7. Ribbons. Big red velvet ribbons are a lovely addition and may replace tinsel and garland that can be eaten by cats and dogs and caught in their intestine. Cats are especially attracted to the bright shiny tinsel. Ingestion of this material can cause intestinal obstruction that may require surgery.
  8. Presents. Dogs and cats love to investigate and most don’t understand that the presents are not meant to be opened before Christmas Day. Decorative ribbons and string can be ingested, gifts can be destroyed by a playful pet. Consider storing the presents in a safe area until right before the holiday or make sure your pet is always supervised while investigating and searching for his special gift.
  9. Sweep and Water. Sweep up the pine needles. Ingestion of needles can cause vomiting and gastric irritation. Keep the tree watered and only turn the lights on when you are at home. Risk of fire is always there with a live tree. Do not allow your pet access to the tree water to drink.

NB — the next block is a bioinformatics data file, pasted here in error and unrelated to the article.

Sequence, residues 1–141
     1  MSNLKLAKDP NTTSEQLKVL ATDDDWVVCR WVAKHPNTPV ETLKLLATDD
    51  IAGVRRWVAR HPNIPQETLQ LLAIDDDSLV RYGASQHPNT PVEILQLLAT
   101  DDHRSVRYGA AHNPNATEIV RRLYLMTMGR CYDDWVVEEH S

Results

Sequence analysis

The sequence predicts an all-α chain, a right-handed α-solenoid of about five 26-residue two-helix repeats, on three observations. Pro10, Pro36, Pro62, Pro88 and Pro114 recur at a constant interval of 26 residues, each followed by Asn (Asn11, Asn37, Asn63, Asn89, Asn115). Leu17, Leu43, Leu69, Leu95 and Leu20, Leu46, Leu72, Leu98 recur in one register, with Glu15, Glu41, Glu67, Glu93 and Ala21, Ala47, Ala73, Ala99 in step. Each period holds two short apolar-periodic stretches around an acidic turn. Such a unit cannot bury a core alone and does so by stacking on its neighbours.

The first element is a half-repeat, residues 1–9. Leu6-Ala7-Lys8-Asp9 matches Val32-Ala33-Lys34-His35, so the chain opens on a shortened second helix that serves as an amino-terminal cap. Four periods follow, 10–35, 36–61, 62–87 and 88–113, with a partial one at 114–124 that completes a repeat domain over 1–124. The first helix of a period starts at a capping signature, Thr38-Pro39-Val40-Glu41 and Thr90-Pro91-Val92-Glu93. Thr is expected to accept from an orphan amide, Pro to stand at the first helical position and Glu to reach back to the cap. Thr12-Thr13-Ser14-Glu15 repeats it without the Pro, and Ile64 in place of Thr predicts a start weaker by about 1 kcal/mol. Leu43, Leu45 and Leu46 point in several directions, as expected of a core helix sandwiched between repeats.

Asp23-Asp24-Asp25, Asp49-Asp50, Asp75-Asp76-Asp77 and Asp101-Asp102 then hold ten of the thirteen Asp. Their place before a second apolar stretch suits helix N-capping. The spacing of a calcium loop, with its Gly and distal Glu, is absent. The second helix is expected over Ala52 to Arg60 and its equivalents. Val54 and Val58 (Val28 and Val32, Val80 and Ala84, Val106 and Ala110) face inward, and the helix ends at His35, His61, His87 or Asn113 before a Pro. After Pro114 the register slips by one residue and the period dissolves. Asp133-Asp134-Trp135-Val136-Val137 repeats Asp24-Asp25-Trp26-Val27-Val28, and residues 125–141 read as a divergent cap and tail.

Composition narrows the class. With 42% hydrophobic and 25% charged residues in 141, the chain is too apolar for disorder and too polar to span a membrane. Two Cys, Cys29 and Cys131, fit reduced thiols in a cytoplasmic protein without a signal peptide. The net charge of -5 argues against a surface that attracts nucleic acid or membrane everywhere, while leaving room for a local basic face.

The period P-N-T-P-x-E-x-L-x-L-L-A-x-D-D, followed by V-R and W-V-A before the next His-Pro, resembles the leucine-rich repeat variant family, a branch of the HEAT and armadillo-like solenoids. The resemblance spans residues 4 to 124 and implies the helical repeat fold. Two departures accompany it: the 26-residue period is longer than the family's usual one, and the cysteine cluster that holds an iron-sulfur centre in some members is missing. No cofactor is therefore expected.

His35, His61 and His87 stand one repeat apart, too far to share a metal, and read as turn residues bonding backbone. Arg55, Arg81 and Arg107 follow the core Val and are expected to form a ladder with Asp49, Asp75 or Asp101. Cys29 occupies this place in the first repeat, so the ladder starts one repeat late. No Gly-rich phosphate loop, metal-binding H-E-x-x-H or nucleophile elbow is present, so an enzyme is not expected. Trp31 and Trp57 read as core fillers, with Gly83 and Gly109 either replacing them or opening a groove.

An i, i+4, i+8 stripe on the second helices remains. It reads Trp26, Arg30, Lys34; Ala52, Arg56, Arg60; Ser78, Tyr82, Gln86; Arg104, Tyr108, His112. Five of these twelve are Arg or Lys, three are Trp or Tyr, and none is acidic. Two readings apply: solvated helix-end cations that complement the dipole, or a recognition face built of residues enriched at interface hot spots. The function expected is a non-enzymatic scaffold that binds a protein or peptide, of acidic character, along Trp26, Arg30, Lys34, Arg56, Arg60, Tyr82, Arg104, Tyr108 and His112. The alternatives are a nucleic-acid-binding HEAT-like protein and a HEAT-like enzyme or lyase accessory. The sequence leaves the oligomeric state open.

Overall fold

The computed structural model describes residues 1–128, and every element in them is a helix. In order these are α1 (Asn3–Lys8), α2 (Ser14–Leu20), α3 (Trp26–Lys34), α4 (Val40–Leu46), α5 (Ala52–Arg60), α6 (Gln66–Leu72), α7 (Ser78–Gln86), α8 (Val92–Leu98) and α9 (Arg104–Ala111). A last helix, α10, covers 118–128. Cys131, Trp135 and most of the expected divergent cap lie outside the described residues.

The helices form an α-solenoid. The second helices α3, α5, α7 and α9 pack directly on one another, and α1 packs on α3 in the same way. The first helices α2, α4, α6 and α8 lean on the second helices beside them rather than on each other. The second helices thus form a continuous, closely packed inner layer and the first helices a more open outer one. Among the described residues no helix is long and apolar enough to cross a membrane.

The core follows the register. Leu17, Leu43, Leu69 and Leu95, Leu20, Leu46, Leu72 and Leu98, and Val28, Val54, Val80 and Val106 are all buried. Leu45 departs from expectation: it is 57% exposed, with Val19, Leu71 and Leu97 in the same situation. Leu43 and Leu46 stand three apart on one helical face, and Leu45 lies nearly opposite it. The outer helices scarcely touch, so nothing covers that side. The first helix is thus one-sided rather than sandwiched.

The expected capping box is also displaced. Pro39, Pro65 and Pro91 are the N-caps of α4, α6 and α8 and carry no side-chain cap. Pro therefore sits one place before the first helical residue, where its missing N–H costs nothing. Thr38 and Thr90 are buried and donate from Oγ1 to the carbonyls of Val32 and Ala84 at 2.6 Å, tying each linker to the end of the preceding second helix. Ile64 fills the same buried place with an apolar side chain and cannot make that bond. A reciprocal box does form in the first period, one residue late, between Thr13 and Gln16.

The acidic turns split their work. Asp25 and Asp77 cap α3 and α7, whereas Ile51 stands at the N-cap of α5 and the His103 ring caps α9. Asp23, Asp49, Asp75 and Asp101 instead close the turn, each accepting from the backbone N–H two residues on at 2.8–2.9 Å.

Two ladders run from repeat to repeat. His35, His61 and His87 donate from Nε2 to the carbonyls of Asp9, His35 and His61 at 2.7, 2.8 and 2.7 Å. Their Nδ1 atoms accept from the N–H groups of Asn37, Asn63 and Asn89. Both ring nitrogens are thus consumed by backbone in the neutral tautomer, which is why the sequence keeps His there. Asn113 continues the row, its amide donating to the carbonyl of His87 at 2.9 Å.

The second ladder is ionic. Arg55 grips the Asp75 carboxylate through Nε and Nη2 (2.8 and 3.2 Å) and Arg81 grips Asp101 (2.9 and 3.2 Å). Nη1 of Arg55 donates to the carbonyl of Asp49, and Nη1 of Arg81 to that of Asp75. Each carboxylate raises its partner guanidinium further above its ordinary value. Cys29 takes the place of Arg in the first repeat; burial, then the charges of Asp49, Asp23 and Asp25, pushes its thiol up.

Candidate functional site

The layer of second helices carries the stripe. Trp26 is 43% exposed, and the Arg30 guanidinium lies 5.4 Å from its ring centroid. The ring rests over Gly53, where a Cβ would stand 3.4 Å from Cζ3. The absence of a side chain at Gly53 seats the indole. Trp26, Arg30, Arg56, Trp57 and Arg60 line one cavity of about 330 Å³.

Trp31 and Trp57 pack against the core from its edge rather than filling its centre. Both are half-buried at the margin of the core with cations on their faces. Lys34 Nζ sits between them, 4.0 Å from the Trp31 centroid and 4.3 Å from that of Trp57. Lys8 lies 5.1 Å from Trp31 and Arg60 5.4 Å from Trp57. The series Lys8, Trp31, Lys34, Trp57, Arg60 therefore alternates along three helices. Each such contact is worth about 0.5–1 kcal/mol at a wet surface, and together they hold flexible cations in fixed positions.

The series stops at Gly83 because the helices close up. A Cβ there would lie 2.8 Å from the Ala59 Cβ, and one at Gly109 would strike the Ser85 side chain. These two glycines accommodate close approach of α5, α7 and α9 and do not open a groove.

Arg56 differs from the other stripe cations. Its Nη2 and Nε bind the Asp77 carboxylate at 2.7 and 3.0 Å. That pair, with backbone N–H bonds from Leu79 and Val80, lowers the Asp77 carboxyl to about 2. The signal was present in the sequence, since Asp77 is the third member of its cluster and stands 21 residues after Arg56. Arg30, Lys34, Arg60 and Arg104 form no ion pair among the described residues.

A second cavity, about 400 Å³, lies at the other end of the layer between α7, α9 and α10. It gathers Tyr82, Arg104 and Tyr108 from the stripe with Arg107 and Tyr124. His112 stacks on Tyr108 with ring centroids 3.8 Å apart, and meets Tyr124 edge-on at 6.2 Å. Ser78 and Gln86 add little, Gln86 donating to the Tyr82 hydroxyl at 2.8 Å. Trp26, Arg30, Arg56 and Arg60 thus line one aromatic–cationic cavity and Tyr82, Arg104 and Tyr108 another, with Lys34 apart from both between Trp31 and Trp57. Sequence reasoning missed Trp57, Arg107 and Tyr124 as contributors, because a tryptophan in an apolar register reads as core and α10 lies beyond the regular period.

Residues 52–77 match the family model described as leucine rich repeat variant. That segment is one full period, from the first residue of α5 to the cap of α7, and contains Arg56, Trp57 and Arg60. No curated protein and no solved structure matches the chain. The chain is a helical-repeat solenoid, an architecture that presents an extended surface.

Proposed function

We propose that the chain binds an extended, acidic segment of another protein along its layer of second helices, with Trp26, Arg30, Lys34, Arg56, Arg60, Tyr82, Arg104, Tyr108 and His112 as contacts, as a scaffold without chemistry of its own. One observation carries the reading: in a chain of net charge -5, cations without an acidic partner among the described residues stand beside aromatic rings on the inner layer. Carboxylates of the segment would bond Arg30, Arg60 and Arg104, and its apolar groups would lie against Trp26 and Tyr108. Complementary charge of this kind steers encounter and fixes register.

10. Supervise. The safest thing to do is to allow your pet access to the tree only when supervised. Pets that continue to want to bother the tree should be encouraged – using positive reinforcement – to leave it alone. Bitter apple can be sprayed on low branches for persistent chewers.


Holiday Food Tips:

  • Alcohol and chocolate are toxic – keep drinks and sweets out of a pet’s reach. Chocolate contains a substance called theobromine, and even a single ounce of pure chocolate can be lethal to a small cat. Dark and unsweetened baking chocolate are most dangerous. Symptoms of poisoning include vomiting, diarrhea, tremors, hyperactivity and seizures.
  • Turkey bones left in an accessible place are almost irresistible to pets, but they can lodge in an animal’s throat or block the intestinal tract. Remove leftovers from the table and don’t leave garbage where animals can get to it.